The speech also is too easily leveraged by political actors who surely would not have agreed with King’s message during the 1960s. For exam­ple, many opponents of affirmative action believe that the speech supports their argument; as Ronald Reagan said in 1986, “We are committed to a society in which all men and women have equal opportunities to suc­ceed, and so we oppose the use of quotas. We want a color-blind society. A society that, in the words of Dr. King, judges people not by the color of their skin but by the content of their character.” [9] The estate of Dr. King even threatened to sue a group of supporters of Proposition 209, a 1996 California anti-affirmative action bill, when it used King’s speech in its advertisements.


  1. Taylor Branch, Parting the Waters: America in the King Years, 1954–1963 (New York: Simon & Schuster, 1988), p. 875.
  2. Adam Fairclough, Martin Luther King, Jr. (Athens: University of Georgia Press, 1995), p. 91.
  3. Clarence B. Jones and Stuart Connelly, Behind the Dream: The Making of the Speech That Transformed a Nation (New York: Palgrave Macmillan, 2011), p. 112.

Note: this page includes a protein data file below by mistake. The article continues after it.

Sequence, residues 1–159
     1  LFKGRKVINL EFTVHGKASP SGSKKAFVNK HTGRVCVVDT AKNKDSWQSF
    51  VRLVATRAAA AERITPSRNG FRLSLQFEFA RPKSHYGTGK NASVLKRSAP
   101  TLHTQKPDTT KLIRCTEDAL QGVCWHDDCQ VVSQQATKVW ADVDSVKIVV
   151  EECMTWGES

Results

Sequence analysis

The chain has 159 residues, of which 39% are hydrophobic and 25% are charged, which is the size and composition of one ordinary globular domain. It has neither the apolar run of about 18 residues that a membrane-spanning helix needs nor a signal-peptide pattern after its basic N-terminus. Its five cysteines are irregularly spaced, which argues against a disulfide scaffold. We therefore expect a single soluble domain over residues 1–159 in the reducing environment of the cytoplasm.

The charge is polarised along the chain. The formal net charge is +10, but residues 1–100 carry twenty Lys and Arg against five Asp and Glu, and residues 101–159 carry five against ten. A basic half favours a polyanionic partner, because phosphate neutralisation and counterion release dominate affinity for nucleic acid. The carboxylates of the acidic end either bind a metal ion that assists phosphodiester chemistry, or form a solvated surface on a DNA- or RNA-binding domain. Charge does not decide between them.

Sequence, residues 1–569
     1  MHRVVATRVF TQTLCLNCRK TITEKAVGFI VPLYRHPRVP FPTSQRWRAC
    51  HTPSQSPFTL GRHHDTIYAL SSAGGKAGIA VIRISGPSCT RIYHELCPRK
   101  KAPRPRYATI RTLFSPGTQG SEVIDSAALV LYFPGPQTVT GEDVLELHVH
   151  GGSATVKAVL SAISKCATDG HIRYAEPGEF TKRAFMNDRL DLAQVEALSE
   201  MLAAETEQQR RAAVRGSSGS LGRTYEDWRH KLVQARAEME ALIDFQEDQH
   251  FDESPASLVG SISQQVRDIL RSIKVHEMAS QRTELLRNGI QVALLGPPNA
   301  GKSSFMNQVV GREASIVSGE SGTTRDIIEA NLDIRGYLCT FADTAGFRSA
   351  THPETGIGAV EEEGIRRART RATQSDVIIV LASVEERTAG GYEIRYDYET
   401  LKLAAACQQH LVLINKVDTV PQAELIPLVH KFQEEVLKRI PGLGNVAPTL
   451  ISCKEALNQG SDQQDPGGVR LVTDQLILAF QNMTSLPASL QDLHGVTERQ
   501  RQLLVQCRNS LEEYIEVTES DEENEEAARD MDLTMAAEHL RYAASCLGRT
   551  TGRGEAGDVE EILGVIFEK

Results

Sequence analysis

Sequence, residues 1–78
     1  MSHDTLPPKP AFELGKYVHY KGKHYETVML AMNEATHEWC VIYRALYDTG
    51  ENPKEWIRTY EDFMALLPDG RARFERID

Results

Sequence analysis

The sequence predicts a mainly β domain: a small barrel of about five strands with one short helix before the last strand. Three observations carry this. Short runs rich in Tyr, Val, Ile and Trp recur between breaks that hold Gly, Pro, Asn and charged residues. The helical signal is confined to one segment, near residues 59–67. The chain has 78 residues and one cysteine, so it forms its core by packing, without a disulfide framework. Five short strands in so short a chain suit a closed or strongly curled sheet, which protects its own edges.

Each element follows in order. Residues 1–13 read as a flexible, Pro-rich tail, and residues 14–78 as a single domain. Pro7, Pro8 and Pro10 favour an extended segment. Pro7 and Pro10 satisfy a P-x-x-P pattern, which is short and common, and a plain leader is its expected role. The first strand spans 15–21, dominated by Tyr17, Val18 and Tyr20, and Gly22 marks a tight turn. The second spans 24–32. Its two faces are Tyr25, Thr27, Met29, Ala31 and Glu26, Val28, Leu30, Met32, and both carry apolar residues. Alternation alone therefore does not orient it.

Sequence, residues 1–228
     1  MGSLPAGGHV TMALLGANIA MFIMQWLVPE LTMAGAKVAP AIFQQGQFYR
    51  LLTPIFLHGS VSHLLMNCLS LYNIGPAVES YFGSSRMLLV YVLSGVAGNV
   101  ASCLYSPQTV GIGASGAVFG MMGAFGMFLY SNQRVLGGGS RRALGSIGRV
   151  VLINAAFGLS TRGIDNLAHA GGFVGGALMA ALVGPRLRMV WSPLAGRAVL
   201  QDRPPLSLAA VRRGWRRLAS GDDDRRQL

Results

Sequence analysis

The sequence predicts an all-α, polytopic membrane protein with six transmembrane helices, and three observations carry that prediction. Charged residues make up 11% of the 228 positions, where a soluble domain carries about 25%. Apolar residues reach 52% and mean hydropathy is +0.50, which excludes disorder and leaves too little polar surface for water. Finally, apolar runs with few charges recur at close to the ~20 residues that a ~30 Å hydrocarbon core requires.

4. Branch, Parting the Waters, p. 882.
  5. David J. Garrow, Bearing the Cross: Martin Luther King, Jr., and the Southern Christian Lead­ership Conference (New York: William Morrow, 1986), p. 283.
  6. Vincent Harding, “The Road to Redemption,” Other Side, January–February 2003.
  7. Drew D. Hansen, The Dream: Martin Luther King, Jr., and the Speech That Inspired a Nation (New York: Ecco, 2003).
  8. Quoted in Robin Toner, “Saving a Dissenter from His Legend,” New York Times, Janu­ary 19, 1986.
  9. “Reagan Quotes King Speech in Opposing Minority Quotas,” New York Times, Janu­ary 18, 1986

From 100 Amazing Facts About the Negro © 2017 by Henry Louis Gates Jr. Excerpted with permission of Knopf Doubleday Publishing Group